The growing sophistication of email-borne attacks is an even bigger problem, and well over half (59%) of the 2023 SOES respondents singled this out as their greatest challenge. Three out of four respondents (76%) expect an attack via email will result in serious consequences for their organization in the coming year. Of these, nearly one in 10 (9%) believe that such an attack is “inevitable,” while another four out of 10 consider it “extremely likely.”
Collaboration Tools — Essential but Risky
This was the seventh consecutive year that Mimecast has conducted the SOES survey, and the first edition in which the security of collaboration tools is explored in depth. While acknowledged as an imperative for conducting business in the post-COVID era, collaboration tools are also widely regarded as risky. Three-quarters (72%) of CISOs think their organization will be damaged by a collaboration-tool-based attack, and 75% believe that the new threats posed by collaboration tools urgently need to be addressed.
There was also near universal agreement (94%) that the native security provided by Google Workspace and Microsoft 365 application suites is insufficient and that additional, layered protections are needed.
Cybersecurity Budgets Remain Underfunded
Despite the growing concern in the C-suite and boardroom over the threat posed by cybercrime, cybersecurity budgets are still falling short of the demand for greater cyber preparedness. Two-thirds (66%) of the 2023 respondents said their organization’s cybersecurity budget is less than it should be — roughly unchanged from the year before. The underfunding, however, is relatively modest — slightly less than 8% on average, according to survey participants.
The picture becomes more promising when viewed in terms of the cybersecurity systems that companies have deployed. Virtually all the SOES participants (98%) have already deployed, are in the process of deploying, or are actively planning to deploy systems to monitor and protect against email-borne attacks.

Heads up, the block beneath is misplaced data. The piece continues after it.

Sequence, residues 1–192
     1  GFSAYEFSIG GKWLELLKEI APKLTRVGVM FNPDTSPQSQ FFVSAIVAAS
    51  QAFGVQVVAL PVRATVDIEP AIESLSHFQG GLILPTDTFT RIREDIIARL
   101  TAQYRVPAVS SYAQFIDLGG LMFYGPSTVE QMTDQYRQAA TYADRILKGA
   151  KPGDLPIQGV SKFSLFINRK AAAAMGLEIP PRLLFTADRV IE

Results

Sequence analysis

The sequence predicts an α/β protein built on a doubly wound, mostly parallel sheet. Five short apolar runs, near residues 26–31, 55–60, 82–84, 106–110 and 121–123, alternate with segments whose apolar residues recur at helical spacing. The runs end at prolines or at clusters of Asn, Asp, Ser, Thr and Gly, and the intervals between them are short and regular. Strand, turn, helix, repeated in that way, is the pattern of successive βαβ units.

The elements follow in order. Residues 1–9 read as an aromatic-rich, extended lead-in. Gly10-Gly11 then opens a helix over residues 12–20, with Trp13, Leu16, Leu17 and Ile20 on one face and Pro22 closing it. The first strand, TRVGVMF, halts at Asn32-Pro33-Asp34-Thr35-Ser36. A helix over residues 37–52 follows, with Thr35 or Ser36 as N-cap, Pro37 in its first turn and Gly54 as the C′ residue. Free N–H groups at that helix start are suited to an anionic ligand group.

Moreover, many are taking advantage of artificial intelligence (AI) and machine learning (ML) to help their underfunded teams stay ahead of the curve. Nearly half of the companies interviewed (49%) are already using some combination of these technologies, and most of the rest (43% of the total) are planning to do so. Among the organizations currently making use of AI/ML, the three biggest benefits are viewed as more accurate threat detection (50%), an improved ability to block threats (49%), and faster remediation when an attack has occurred (48%).
The Bottom Line
While many challenges persist and funding shortfalls remain an issue, CISOs and their fellow cybersecurity professionals now command the attention of their corporate leadership. For years, CISOs fought to get their boards to take cybersecurity more seriously. Now that they’ve succeeded, the opportunity for them to present cyber risks as urgent business risks that must be addressed has never been greater. For the complete breakdown of those risks, read Mimecast’s State of Email Security 2023 report.
 “Cybersecurity Breaches to Result in Over 146 Billion Records Being Stolen by 2023,” Juniper Research
 “Cybercrime to Cost the World 8 Trillion Annually in 2023,” Cybercrime Magazine